Ph.D. candidates travel to Mali to understand the Malian conflict
Ph.D. candidate travels to Bamako, Mali to meet with political leaders
KENNESAW, Ga. (Nov 1, 2019) — Mali is a beautiful country in west Africa (see map) with a complicated past. In the 1990s, Mali was a model of democratic change; however, since the turn of the century, political paralysis and coups have stopped the country’s trajectory towards sustainable development. Insecurity, fear, poverty and desperation have risen in Mali in recent years due to the resurgence of internal conflict and attacks by violent extremist groups that have roots in Mali’s complex history. These conflicts have occurred in the setting of climate change, which has led to increasing competition for natural resources. All of these problems, against the backdrop of a weak state, make one wonder – is there hope for Mali?
Map of West Africa and Mali
In October 2019, I was invited by his excellence Former President Pierre Buyoya, the High Representative of the African Union for Mali and the Sahel, to discuss conflicts in Africa with an emphasis on conflicts in the Sahel and Mali. Former President Pierre Buyoya was the president of Burundi, and his experience in conflict and diplomacy on the African continent is impressive. During the visit, the President and I (see picture below) discussed the capacity of international, regional and national institutions to manage conflicts in Africa. For example, we discussed how the United Nations is working with the African Union to solve the conflict in Mali.
Former President, AU High Representative Buyoya and Jean-Marc Akakpo
While I was in Mali, I took the opportunity to meet with leaders in the fields of politics, international organizations, culture, religion, anthropology, and the media, in order to obtain a full understanding of the conflict in Mali. After meeting President Buyoya, I went to visit the United Nations Multidimensional Integrated Stabilization Mission in Mali (also known as “Mission multidimensionnelle intégrée des Nations unies pour la stabilisation au Mali [MINUSMA]” in French) (see photo below). MINUSMA was established by the UN Security Council Resolution 2100 of 25 April 2013 with the goal to support Mali’s political processes, undertake tasks related to security and stabilize the country. While at MINUSMA, I had the honor to interview its Political Affairs officers. Later on, I met the Permanent Secretary of the Government in charge of Conflict in Central Mali.
Jean-Marc Akakpo at MINUSMA, Bamako, Mali
To gain a better understanding of the Malian conflict, I visited and dined with Tuaregs, Peuhls and Bambara to learn more about their perceptions of different ethnic groups. I also had the opportunity to talk to former rebels from the northern region. At the University of Bamako, I met a French anthropologist who has been teaching and studying Malian culture since 1988 (see photo). A highlight of my trip to Bamako, as a journalist, was the chance to sit down with my colleagues - fellow journalists. Some of the journalists work closely with the government and others work with international institutions such as the Institute of Security Studies.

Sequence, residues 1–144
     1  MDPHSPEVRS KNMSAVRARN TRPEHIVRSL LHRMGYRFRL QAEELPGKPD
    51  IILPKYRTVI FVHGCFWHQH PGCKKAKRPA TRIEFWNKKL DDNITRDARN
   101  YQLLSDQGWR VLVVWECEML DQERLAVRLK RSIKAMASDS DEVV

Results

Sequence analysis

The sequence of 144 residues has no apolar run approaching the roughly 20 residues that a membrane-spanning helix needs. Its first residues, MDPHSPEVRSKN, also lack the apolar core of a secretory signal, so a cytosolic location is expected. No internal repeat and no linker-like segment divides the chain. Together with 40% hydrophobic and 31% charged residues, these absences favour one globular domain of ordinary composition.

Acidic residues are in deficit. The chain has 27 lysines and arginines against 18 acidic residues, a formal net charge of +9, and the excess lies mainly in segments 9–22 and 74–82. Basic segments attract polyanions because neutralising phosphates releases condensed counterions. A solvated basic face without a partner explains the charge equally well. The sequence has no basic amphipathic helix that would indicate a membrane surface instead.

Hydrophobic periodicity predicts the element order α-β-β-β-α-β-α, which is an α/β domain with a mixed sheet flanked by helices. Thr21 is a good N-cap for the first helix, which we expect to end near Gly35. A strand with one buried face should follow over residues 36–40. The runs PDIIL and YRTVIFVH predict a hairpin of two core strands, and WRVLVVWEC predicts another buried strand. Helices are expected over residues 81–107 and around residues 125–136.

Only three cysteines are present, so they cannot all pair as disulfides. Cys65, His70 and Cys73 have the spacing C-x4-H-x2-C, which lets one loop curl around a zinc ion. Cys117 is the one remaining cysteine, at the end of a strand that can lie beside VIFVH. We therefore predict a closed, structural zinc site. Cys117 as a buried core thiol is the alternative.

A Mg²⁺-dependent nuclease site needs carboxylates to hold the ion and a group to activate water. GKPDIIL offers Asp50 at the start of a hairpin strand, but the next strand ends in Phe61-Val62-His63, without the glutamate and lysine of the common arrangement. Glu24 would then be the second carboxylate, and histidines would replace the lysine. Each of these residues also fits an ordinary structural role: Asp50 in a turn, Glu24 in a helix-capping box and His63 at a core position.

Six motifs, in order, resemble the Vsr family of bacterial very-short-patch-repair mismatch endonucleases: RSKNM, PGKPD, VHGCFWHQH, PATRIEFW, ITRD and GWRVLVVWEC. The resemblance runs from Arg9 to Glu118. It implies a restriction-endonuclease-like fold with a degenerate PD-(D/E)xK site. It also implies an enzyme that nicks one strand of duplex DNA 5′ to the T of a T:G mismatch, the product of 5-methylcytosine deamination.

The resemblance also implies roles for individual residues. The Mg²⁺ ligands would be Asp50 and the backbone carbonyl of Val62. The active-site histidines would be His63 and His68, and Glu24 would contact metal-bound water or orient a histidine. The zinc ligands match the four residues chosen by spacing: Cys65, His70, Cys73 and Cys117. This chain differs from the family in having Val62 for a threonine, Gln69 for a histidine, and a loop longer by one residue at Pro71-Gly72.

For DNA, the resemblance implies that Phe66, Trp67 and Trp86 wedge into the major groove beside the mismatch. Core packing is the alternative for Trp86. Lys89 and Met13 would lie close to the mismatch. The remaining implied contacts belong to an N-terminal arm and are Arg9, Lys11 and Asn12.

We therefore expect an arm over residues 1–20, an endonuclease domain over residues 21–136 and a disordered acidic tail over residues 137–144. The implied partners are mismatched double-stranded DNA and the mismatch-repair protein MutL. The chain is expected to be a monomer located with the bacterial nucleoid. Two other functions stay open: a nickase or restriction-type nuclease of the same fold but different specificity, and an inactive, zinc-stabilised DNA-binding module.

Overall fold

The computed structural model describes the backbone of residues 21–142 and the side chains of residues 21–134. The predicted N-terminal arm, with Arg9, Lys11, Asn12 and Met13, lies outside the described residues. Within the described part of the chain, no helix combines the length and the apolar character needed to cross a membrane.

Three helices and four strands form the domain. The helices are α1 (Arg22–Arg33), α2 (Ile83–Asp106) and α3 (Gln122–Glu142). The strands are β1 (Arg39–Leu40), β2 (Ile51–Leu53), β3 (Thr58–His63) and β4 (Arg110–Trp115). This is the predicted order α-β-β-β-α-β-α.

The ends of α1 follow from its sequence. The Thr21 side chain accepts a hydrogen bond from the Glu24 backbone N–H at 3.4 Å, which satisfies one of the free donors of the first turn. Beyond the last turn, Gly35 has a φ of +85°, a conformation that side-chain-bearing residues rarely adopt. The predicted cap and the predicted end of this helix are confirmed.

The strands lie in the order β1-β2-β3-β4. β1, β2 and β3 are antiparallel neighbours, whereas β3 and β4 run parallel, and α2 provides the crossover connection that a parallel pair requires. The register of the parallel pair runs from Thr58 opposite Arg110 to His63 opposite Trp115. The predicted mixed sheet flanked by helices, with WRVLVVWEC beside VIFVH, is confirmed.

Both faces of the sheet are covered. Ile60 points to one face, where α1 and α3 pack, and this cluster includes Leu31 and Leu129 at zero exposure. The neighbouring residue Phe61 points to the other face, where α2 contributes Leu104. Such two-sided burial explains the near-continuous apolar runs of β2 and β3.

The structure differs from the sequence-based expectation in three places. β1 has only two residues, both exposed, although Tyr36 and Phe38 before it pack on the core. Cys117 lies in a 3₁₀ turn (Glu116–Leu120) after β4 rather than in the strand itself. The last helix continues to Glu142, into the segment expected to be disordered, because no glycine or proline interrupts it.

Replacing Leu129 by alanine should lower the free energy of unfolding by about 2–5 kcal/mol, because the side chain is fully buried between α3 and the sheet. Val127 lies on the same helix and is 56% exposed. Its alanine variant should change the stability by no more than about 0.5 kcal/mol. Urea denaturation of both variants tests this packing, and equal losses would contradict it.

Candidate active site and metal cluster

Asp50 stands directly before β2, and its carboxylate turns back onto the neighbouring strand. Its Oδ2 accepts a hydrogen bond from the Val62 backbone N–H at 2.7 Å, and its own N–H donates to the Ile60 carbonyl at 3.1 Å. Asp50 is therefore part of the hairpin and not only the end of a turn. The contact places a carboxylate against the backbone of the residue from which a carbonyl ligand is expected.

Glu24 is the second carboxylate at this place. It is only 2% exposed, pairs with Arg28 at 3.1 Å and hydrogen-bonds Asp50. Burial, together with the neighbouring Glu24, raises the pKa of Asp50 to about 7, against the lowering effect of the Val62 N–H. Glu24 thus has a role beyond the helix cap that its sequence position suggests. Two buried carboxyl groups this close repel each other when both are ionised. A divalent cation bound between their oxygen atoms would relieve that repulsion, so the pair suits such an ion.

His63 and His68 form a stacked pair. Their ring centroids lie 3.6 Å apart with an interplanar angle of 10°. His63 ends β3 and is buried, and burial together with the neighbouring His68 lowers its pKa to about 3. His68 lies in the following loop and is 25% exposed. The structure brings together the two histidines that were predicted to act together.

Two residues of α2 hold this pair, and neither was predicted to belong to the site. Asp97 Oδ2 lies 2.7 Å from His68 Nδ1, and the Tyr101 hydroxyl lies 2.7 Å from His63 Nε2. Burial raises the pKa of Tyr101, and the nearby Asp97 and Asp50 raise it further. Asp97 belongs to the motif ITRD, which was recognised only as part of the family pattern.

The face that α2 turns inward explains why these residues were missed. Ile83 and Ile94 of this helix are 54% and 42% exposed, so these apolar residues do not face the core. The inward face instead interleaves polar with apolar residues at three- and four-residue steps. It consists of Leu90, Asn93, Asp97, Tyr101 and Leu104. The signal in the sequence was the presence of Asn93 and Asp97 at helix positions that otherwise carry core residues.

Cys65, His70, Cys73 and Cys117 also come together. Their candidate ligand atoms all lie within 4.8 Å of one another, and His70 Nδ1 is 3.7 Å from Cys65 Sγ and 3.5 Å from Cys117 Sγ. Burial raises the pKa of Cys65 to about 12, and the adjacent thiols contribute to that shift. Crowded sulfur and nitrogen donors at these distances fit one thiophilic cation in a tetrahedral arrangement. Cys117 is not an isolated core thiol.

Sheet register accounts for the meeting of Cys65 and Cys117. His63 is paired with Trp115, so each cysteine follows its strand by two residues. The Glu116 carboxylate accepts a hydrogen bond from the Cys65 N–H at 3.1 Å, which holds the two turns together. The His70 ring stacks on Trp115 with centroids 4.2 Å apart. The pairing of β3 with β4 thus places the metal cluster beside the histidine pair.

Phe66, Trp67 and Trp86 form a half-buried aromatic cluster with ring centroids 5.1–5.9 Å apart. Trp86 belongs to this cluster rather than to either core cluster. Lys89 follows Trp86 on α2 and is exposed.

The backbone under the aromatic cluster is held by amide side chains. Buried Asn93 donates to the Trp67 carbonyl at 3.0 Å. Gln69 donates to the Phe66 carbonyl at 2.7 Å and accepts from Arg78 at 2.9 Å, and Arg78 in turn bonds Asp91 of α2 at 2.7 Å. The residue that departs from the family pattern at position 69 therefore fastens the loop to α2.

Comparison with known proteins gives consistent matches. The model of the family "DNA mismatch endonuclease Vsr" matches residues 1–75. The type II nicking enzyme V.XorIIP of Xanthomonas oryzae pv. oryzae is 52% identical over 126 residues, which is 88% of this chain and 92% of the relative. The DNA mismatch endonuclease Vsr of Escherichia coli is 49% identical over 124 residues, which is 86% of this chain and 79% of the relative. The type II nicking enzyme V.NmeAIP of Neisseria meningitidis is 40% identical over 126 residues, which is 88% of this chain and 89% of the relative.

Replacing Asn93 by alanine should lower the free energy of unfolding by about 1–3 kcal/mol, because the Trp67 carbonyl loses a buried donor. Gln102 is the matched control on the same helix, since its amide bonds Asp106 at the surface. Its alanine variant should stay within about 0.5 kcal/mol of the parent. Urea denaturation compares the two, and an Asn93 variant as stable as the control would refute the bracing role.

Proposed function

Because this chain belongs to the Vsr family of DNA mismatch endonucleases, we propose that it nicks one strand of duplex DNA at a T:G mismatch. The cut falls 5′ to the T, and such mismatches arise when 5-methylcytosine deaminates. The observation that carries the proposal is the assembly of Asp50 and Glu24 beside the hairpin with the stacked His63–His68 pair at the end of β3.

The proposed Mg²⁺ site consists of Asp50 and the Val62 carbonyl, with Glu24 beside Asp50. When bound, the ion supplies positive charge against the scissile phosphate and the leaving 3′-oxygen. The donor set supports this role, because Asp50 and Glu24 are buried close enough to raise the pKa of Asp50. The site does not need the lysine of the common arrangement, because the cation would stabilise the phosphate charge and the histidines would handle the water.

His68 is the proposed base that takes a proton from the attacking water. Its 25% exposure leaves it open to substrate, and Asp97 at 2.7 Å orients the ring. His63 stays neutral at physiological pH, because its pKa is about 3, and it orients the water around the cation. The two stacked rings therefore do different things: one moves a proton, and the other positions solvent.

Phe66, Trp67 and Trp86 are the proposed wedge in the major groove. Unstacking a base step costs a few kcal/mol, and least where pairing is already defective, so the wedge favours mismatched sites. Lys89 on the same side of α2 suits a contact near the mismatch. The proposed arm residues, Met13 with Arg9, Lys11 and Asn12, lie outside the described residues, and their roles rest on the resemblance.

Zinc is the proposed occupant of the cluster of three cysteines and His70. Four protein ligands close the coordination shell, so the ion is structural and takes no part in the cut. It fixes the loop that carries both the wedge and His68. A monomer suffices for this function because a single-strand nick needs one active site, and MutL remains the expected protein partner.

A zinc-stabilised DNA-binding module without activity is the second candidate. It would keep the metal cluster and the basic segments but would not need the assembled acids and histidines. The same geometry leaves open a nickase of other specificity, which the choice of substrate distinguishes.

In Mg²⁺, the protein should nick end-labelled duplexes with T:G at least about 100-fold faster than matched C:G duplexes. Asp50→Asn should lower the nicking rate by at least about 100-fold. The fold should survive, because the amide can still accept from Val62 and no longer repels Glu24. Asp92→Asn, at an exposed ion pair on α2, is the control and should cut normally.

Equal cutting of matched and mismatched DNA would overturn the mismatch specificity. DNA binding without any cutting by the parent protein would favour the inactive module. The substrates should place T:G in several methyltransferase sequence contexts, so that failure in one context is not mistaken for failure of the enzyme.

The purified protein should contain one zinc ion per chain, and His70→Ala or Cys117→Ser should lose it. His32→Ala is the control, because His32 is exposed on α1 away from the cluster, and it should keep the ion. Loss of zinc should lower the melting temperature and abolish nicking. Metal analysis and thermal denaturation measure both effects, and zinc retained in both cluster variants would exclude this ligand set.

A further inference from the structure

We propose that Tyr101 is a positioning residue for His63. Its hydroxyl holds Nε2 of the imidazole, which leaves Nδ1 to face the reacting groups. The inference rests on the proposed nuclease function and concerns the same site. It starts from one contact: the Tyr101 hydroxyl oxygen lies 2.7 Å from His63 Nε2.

Dinner with a group of Malian journalists (Peuljs) and a French anthropologist
Dinner with Tuareg leaders
Another highlight of the trip was the opportunity to meet with different civil society leaders, such as Jean Kazadi, Carter Center Deputy Advisor and Independent Observer for Mali, and the Honorable Iman Dicko, President of the High Islamic Council of Mali, to discuss the conflict in Mali, including the role of religion in the conflict (see picture below).
Left: Adam Thiam, Center: Jean-Marc Akakpo, Right: His Honorable Iman Dicko
Jean-Marc Akakpo having a conversation about Islam and the conflict in Mali
I have to admit that spending a week in Mali was like taking a year-long course at the University of Bamako on politics, culture, religion, and conflict. Everyone I met had his or her own fascinating perspective on the causes, triggers, and potential solutions for the conflict in Mali. The knowledge that I gained from this trip clearly showed me that our biggest challenge as researchers is getting close enough to a problem to have a true understanding of what is going on.
People often ask me why I chose to study Mali for my dissertation, and now I can answer that question with even more certainty than prior to the trip. If Mali falls apart, west Africa will collapse, and if west Africa collapses, then Europe and the rest of the world will be deeply affected.
I want to thank my committee chair, Dr. Sherril Hayes, the International Conflict Management Program at Kennesaw State University, the School of Government and International Affairs and my family for their support. I am grateful to Former President Buyoya, his team at the African Union, Ambassador Kazadi at the Carter Center, my colleagues Journalists in Bamako, and everyone who shared their time and experiences with me while I was in Mali.
-Written by Jean-Marc Akakpo